Displaced workers’ earnings at new jobs, January 2008
August 27, 2008
Of the 2.2 million reemployed displaced workers who lost full-time wage and salary jobs during the 2005-07 period, 1.7 million had found new full-time wage and salary jobs by January 2008. (The remaining reemployed workers had part-time wage and salary jobs or were self-employed or unpaid family workers.)
Of these reemployed full-time workers who reported earnings on their lost job, 55 percent were earning as much or more than they did prior to displacement.
Twenty-five percent reported earnings losses of 20 percent or more.
These data come from the Current Population Survey (CPS). To learn more about displaced workers, see "Worker Displacement, 2005-07," (PDF) (HTML) USDL 08-1183. Displaced workers are defined as persons 20 years of age and older who lost or left jobs because their plant or company closed or moved, there was insufficient work for them to do, or their position or shift was abolished. The data cited here are for "long-tenured workers"—those who were in their jobs for 3 years or longer.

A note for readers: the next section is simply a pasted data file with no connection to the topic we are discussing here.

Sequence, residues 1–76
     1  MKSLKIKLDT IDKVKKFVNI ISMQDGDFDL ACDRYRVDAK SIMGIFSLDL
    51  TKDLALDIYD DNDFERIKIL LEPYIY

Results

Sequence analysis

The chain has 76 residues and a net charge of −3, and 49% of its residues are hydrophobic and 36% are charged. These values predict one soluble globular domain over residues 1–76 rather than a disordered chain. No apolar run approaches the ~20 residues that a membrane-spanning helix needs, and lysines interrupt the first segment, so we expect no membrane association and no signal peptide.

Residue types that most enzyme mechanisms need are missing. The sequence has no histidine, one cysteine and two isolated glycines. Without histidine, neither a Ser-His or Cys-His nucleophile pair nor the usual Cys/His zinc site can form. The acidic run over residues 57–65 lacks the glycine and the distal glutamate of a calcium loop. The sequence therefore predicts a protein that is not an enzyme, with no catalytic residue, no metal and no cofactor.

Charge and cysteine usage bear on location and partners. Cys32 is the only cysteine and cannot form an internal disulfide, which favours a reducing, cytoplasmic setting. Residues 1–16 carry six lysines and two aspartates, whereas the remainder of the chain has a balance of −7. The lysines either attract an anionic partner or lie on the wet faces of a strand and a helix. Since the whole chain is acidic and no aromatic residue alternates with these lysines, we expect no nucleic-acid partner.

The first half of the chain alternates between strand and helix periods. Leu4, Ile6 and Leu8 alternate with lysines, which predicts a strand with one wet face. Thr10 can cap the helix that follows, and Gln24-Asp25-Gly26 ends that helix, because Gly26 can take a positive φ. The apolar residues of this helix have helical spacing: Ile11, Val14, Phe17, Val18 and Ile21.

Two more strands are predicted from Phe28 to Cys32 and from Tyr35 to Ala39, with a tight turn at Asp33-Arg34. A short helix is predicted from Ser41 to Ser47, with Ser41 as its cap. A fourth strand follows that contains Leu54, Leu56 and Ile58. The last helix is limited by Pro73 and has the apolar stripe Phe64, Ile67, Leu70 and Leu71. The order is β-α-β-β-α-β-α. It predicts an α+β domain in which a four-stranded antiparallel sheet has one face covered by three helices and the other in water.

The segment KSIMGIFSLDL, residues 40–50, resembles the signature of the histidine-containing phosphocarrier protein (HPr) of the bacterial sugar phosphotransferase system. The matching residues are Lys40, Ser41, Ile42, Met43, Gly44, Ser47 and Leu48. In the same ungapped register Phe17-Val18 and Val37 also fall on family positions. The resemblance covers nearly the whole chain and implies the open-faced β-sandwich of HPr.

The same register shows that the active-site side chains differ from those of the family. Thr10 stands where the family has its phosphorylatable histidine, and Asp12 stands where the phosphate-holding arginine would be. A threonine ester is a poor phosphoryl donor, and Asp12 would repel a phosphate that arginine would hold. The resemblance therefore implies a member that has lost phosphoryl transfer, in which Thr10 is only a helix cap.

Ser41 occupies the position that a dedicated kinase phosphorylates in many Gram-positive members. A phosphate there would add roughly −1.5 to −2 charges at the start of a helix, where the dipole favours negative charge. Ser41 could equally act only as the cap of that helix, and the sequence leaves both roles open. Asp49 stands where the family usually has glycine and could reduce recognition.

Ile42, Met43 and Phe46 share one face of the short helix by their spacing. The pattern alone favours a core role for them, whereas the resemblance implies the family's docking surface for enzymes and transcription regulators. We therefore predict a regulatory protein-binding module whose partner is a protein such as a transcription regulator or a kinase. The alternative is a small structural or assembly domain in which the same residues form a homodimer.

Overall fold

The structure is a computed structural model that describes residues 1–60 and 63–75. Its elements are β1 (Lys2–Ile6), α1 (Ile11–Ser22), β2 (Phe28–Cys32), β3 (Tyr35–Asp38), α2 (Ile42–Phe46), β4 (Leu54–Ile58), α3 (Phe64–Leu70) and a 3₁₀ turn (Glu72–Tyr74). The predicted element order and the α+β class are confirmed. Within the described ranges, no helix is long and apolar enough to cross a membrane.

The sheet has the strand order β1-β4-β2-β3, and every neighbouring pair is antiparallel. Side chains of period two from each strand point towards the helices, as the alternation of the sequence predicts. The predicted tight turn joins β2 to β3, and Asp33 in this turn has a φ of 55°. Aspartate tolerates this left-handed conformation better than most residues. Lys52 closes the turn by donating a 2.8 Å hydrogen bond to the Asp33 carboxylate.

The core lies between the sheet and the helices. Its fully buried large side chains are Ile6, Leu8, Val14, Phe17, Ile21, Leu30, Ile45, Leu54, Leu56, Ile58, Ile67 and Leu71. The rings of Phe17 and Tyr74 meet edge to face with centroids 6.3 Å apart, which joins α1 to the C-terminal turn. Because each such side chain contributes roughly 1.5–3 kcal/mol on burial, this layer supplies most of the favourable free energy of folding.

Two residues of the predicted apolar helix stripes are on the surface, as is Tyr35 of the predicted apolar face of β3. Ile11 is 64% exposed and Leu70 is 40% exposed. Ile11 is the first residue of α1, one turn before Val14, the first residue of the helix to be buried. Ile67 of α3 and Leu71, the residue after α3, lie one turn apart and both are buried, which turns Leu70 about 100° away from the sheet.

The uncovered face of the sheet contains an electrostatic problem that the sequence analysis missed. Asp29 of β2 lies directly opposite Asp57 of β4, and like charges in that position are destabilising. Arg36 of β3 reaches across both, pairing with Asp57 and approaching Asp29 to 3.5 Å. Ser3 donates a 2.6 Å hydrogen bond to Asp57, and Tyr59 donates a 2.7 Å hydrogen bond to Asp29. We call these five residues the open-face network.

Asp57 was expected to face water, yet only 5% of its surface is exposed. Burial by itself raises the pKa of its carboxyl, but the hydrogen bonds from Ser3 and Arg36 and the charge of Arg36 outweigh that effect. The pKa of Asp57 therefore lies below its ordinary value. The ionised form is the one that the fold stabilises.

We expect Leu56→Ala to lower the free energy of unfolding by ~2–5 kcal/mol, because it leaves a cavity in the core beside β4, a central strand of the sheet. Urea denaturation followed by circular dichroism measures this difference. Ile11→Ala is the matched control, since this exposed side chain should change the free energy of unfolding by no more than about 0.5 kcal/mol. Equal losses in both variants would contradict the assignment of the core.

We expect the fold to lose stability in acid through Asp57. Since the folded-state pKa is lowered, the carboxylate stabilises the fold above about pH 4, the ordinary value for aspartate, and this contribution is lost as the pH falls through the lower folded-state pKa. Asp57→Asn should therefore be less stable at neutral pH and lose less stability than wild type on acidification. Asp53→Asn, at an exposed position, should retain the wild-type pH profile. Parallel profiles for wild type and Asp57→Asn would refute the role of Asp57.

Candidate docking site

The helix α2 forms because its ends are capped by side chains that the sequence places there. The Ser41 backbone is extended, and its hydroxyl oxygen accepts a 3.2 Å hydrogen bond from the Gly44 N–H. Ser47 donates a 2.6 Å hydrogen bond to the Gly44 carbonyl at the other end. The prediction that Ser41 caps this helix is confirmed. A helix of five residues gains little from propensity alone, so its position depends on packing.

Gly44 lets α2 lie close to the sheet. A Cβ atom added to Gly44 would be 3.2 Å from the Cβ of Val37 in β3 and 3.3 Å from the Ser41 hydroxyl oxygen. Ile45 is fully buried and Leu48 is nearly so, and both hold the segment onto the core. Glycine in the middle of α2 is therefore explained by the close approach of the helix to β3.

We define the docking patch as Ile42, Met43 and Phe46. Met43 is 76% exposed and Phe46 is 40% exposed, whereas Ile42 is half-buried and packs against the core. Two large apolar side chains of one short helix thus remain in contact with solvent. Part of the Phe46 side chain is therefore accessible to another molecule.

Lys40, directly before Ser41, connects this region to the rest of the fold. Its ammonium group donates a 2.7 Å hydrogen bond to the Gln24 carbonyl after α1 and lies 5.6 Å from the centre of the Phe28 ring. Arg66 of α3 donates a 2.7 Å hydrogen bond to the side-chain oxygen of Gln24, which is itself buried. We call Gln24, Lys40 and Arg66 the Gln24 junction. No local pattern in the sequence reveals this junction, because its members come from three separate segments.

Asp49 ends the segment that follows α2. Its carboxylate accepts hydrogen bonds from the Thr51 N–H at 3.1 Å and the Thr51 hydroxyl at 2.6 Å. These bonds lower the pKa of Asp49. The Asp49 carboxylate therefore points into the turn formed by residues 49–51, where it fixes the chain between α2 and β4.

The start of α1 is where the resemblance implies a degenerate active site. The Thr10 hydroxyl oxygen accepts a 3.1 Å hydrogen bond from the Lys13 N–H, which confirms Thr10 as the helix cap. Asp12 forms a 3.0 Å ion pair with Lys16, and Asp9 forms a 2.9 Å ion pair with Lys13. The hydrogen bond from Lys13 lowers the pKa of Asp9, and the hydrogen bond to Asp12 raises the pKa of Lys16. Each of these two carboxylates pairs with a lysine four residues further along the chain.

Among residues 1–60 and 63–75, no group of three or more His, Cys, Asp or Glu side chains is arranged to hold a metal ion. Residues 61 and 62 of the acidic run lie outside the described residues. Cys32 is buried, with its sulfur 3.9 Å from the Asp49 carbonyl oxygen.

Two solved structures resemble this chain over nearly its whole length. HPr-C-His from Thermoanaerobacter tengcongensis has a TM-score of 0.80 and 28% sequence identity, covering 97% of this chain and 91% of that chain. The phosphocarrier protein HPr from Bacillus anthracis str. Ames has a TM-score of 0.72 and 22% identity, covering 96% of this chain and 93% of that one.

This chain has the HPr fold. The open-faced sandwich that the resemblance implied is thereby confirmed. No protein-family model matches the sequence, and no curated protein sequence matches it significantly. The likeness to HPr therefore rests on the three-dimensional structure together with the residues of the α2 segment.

Bureau of Labor Statistics, U.S. Department of Labor, The Economics Daily, Displaced workers’ earnings at new jobs, January 2008 on the Internet at https://www.bls.gov/opub/ted/2008/aug/wk4/art03.htm (visited January 19, 2020).
Recent editions of Spotlight on Statistics
- A look at employment and wages in U.S. establishments with foreign ownership
Examines employment and wages in U.S. establishments that have at least one foreign owner with at least 10 percent ownership.
- 25 years of Worker Injury, Illness, and Fatality Case Data
Examines detailed historical data on work-related injuries, illnesses, and fatal injuries.
- Occupational employment projections through the perspective of education and training
Examines employment, projected employment growth, and wages for occupations with different education and training requirements.
- Workers in Alternative Employment Arrangements
A look at independent contractors, on-call workers, temporary help agency workers, and workers provided by contract firms.